By Jack Keough
I took a few vacation days last week at my favorite place in the world, Boothbay Harbor, Maine. On my first day off, I got up early and tuned to a radio news station in which Maine Gov. Paul LePage was speaking about manufacturing in the U.S.
LePage stressed the importance of manufacturing to our GDP and specifically to the Pine Tree state. Manufacturing in Maine, he pointed out, accounts for thousands of well-paying positions and billions in sales.
LePage’s office conducted a survey of 500 manufacturers who were asked to identify the top three problems facing them in 2012. The number one concern was, of course, health care followed by energy costs. Finding qualified people was third.
Attracting top talent has been a top concern for manufacturers and distributors for years. Despite the unemployment rate staying above 8%, manufacturers and distributors in survey after survey say recruiting the right people for jobs in our industry remains a challenge.
And that has hurt business.
A power tool company in New York told me it couldn’t run a third shift because it didn’t have the necessary, qualified employees. The company was forced to pay a substantial amount of money for overtime.
Another manufacturer received a $300,000 grant for new equipment to expand its operation and hire three additional employees. The equipment is there and in place but the employees aren’t. They can’t be recruited.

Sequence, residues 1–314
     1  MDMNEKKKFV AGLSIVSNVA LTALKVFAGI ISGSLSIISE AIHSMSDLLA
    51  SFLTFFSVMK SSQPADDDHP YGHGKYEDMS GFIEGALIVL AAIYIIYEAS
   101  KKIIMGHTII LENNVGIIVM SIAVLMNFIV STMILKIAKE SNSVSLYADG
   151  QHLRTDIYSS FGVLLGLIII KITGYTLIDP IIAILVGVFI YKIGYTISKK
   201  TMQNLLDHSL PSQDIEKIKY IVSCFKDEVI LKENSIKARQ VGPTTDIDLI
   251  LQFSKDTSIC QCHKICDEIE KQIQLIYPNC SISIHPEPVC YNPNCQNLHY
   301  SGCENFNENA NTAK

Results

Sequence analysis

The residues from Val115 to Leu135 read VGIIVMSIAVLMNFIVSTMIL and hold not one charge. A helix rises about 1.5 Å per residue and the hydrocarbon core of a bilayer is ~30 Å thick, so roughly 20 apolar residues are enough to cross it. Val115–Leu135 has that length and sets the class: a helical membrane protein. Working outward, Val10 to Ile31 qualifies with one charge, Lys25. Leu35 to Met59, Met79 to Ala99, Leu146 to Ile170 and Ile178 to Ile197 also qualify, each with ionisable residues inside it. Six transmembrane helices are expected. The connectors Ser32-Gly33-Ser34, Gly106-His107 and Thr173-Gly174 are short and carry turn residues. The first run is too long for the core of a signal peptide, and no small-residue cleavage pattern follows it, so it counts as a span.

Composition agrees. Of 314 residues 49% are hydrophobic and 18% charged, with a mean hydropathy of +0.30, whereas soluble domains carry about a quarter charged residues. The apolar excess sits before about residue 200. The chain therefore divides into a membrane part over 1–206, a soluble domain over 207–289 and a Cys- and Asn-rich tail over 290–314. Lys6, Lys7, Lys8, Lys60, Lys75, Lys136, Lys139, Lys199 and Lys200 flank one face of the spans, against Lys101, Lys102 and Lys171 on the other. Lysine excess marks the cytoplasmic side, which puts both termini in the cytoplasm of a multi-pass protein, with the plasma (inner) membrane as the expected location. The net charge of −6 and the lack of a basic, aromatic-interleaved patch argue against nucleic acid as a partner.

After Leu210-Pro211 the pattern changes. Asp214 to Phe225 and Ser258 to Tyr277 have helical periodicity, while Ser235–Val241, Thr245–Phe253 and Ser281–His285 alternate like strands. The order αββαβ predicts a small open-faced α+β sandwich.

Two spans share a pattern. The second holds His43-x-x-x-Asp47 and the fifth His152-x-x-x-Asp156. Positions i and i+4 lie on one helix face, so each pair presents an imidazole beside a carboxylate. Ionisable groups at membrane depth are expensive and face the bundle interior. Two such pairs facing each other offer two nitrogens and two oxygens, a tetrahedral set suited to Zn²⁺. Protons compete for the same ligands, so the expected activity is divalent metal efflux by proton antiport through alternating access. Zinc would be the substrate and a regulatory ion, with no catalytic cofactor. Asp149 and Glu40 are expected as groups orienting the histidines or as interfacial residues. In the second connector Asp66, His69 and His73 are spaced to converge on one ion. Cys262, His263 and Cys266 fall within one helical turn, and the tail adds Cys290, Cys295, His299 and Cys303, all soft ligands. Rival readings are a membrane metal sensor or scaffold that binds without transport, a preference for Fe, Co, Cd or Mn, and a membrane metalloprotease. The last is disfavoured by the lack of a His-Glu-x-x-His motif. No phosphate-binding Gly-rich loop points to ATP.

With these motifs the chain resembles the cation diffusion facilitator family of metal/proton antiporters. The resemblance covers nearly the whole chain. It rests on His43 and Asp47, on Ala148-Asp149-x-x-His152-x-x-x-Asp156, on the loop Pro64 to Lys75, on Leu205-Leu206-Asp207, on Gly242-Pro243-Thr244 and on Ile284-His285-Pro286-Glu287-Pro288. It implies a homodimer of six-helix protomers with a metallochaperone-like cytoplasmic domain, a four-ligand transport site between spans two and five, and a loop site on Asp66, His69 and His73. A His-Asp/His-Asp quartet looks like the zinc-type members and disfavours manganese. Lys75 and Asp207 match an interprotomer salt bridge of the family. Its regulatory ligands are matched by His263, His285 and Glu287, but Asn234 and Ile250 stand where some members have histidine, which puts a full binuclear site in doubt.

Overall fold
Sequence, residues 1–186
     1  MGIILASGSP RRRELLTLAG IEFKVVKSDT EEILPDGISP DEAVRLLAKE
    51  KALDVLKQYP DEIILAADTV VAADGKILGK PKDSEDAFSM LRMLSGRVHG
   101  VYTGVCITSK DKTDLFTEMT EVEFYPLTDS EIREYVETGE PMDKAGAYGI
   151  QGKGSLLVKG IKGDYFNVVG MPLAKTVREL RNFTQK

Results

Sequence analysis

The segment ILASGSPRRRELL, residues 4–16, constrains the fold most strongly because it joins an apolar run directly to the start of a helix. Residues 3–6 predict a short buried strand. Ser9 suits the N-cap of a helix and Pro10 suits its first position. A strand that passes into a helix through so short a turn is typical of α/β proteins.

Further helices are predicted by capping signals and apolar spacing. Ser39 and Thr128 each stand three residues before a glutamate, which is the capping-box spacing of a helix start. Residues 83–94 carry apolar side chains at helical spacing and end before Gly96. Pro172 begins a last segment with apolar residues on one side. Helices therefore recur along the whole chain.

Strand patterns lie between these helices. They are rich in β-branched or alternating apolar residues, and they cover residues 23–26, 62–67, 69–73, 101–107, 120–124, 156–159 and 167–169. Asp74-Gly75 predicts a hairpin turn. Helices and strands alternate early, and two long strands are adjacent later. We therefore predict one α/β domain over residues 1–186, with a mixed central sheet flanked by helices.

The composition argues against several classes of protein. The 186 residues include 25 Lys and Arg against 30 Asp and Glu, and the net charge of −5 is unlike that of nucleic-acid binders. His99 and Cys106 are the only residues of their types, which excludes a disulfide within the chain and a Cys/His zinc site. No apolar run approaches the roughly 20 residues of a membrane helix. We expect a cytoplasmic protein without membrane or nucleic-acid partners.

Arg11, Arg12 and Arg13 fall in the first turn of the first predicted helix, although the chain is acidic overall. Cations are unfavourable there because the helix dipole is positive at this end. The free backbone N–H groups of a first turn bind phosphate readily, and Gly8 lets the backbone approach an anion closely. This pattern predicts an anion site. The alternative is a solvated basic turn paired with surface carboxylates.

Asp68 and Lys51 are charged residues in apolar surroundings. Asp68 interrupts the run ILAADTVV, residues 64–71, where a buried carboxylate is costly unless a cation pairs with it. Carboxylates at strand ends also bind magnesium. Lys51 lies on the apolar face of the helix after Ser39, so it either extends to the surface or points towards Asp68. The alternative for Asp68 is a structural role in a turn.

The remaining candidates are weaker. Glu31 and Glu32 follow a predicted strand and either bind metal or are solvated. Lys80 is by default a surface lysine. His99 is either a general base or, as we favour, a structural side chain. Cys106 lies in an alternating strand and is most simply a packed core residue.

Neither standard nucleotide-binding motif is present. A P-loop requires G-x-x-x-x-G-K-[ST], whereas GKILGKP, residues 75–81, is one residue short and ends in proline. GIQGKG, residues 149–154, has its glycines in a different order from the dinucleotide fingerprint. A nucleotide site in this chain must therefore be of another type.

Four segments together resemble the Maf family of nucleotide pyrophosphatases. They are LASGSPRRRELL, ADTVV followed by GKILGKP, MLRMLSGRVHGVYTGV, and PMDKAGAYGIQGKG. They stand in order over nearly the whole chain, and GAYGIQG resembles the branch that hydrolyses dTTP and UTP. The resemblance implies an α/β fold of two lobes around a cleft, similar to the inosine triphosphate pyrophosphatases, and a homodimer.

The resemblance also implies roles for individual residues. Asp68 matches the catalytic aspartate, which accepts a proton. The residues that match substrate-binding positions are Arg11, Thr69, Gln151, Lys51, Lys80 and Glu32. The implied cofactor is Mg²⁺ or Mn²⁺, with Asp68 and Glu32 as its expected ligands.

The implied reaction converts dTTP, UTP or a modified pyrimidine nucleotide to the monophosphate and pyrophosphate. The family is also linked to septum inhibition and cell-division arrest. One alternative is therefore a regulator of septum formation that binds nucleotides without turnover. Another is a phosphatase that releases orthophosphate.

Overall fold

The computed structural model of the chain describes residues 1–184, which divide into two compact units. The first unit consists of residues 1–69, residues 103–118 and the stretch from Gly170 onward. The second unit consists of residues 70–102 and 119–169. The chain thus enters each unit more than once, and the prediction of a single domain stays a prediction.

You have to wonder if our industry holds some responsibility for not recruiting more people into this business. I’ve used this phrase before but it’s as true now as it was then: distribution and manufacturing are the world’s best kept secrets.
Should we be promoting our industry better than we have been?
Many people today have the impression that manufacturing is like it was in the 1950’s. Plants then were not air conditioned and the vision of these companies being “sweatshops” still exists in the minds of many young people. I have, and it is interesting to see their reaction when you mention manufacturing.
I’ve toured more than 100 manufacturers and been on their plant floors. Employees operate the latest in tooling technologies and are working in modern, clean and up-to-date factories.
The pay is excellent and opportunities abound for the right people.
The average age of a worker on the plant floor is 56. What will happen when these workers retire in a few years? Will there be a young, highly trained workforce to take their places?
I was a guest speaker at a distribution class at a major university several years ago. These kids were smart, knowledgeable and ready for work. By graduation, every student had been offered a job. Several of them told me they had upwards of five job offers. Many said they had “stumbled” into a distribution program after learning about it while taking some other classes.
Once employees have been in our industry for a few years, they tend to stay. A study done just a few years ago shows that people who are already in distribution/manufacturing would recommend a career to others in their family.
The question is, how do we get this message about our industry out to the general populace?
One suggestion is to work closer with junior colleges and, yes, even high school students. Another idea is to develop internships for high achievers during which these young people can get a taste of life in the distribution/manufacturing trenches.
Manufacturing is far from dead in this country, not by a long shot. And that’s the message we have to get out.
Jack Keough was the editor of Industrial Distribution magazine for more than 26 years. He often speaks at many industry events and seminars. He can be reached at firstname.lastname@example.org or email@example.comTagged with tED